By Michael Fitzpatrick
A Reading from Philippians 3:1-11
1 Finally, my brothers and sisters, rejoice in the Lord.
To write the same things to you is not troublesome to me, and for you it is a safeguard.
2 Beware of the dogs, beware of the evil workers, beware of those who mutilate the flesh! 3 For it is we who are the circumcision, who worship in the Spirit of God and boast in Christ Jesus and have no confidence in the flesh — 4 even though I, too, have reason for confidence in the flesh.
If anyone else has reason to be confident in the flesh, I have more: 5 circumcised on the eighth day, a member of the people of Israel, of the tribe of Benjamin, a Hebrew born of Hebrews; as to the law, a Pharisee; 6 as to zeal, a persecutor of the church; as to righteousness under the law, blameless.
7 Yet whatever gains I had, these I have come to regard as loss because of Christ. 8 More than that, I regard everything as loss because of the surpassing value of knowing Christ Jesus my Lord. For his sake I have suffered the loss of all things, and I regard them as rubbish, in order that I may gain Christ 9 and be found in him, not having a righteousness of my own that comes from the law, but one that comes through faith in Christ, the righteousness from God based on faith. 10 I want to know Christ and the power of his resurrection and the sharing of his sufferings by becoming like him in his death, 11 if somehow I may attain the resurrection from the dead.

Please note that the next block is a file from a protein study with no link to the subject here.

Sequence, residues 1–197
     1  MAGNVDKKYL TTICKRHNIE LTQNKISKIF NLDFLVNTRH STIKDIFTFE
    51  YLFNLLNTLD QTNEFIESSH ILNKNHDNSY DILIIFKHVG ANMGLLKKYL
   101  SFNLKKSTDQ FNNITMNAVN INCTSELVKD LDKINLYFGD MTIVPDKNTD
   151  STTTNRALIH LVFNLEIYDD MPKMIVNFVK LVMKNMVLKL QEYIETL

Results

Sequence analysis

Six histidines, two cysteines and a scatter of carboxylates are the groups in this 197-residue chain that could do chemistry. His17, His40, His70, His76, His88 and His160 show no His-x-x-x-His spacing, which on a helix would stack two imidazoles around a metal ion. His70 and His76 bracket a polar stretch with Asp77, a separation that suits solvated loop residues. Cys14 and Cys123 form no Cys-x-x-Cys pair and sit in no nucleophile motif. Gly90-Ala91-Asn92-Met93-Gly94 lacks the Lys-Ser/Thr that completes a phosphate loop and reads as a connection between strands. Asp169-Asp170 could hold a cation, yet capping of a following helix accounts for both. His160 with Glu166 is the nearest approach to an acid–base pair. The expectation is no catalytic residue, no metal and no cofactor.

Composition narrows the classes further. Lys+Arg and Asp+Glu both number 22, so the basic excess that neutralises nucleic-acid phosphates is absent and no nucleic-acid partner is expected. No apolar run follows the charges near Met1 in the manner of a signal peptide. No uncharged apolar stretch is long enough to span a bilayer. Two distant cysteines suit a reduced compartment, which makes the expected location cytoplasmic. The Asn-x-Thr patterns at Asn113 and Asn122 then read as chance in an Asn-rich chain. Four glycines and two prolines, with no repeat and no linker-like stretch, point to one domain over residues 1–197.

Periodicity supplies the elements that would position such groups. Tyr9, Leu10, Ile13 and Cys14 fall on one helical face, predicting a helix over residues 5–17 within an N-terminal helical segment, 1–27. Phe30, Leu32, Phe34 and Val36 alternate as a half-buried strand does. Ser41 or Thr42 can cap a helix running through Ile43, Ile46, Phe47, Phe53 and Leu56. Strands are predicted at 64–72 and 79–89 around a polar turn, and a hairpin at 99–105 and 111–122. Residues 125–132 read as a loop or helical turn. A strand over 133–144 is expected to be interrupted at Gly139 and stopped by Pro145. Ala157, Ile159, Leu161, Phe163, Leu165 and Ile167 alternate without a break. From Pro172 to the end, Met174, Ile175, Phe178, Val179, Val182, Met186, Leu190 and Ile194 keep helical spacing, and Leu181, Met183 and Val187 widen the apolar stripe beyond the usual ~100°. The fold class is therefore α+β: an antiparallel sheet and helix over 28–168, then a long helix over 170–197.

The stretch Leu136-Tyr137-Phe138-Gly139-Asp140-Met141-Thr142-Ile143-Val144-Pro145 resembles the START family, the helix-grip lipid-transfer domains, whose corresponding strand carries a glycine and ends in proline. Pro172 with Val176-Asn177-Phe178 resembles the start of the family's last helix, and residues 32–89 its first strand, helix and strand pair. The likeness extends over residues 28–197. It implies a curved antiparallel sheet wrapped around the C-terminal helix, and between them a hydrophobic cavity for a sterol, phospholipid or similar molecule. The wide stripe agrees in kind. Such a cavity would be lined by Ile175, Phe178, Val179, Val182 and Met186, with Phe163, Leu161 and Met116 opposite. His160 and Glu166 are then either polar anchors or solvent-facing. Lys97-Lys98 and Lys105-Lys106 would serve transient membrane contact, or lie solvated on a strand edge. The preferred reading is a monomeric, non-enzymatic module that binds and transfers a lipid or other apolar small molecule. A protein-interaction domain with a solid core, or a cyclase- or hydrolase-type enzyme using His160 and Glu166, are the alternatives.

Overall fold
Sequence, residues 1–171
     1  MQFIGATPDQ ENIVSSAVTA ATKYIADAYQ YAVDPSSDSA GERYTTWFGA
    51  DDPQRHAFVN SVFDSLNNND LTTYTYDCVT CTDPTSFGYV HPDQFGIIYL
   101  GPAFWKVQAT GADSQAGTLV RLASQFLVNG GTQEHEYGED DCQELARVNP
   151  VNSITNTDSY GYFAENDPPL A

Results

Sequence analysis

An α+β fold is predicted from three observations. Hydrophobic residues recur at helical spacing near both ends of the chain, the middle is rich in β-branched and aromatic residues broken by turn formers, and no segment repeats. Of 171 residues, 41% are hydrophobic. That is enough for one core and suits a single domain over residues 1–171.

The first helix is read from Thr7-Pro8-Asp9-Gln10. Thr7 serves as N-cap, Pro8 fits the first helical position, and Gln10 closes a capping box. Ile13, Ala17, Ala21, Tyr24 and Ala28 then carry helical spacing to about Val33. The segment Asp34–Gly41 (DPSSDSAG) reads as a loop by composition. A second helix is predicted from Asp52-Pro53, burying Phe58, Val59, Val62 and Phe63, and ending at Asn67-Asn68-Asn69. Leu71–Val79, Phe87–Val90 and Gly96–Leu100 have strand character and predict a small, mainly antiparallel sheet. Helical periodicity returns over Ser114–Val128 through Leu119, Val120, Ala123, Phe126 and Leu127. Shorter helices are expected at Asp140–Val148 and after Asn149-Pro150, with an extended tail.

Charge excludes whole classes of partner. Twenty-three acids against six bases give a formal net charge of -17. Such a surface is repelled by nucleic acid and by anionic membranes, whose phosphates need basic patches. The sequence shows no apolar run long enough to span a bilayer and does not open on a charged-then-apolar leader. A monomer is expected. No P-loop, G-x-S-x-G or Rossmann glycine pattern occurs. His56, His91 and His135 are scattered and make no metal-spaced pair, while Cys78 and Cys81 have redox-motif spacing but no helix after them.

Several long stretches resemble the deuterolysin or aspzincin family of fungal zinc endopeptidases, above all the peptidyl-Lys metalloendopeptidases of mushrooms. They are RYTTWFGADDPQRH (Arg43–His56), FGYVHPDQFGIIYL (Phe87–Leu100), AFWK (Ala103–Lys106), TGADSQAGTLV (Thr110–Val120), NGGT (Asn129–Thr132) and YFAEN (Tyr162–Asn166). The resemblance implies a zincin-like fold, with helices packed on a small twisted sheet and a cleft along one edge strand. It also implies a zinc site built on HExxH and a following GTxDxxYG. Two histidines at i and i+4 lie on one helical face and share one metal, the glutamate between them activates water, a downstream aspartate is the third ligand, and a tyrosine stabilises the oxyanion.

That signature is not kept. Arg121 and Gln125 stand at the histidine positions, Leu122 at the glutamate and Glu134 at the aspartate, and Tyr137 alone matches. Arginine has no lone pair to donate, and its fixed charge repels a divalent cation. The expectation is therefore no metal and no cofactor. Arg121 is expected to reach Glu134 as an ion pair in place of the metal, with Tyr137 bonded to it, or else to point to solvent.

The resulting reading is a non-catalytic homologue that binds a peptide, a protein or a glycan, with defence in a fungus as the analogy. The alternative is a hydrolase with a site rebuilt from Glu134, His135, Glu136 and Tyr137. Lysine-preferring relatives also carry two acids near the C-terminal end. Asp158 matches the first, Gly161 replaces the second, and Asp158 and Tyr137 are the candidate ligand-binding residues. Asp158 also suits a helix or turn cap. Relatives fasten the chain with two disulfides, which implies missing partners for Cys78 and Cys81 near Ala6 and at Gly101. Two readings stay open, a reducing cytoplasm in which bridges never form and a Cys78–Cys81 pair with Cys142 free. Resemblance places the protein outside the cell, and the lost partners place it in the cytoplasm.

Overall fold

Do we boast in Christ, or do we have confidence in the flesh? In St. Paul’s day this meant an entitlement to God’s favor achieved by birthright and zeal for the law. What does that look like for us?
For some, it might look like this:
Born to an Ivy League family, enrolled at the best prep school, wear the best clothes of society, speak well, attended a prestigious graduate school. As to zeal, clerked for all the right judges, prosecuted the right cases, became partner at one of the best firms, and live confident with a sizeable income.
Or maybe this:
Born and raised Christian, made the right choices, gave to charities, volunteered more than anyone else, defended my faith to others, defended my tradition to other (less enlightened) Christians, and know how things should be done. As to zeal, flawless church attendance. As to righteousness — i.e. any major public moral failings — blameless.
How much do we find our security in accomplishment and status? Of course, the vast majority of people know nothing of immense material security or privilege. But we can flaunt all kinds of status and privilege, or envy it from afar, even as we gather the crumbs from the table. Yet St. Paul tells us that even if we had all this, we are to “come to regard everything as loss because of the surpassing value of knowing Christ Jesus our Lord.” All our achievements are “rubbish” in this light, and must be, to guard against hope in a “righteousness of our own” instead of “faith in Christ.”
In such a deeply meritocractic culture, it can be so hard to believe that all the things we seek to earn count for nothing. Perhaps we seek material security because we have not yet fully appreciated just how much surpassing value Christ has. May we fall in love with the inestimable and absolute love of God displayed in Christ, and regard all else as loss!
Michael Fitzpatrick is a doctoral student in philosophy at Stanford University. He attends St. Mark’s Episcopal Church in Palo Alto, Calif., where he serves as a lay preacher and teacher.
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Today we pray for:
The Diocese of Khahlamba – The Anglican Church of Southern Africa
Grace Episcopal Church, Ocala, Fla.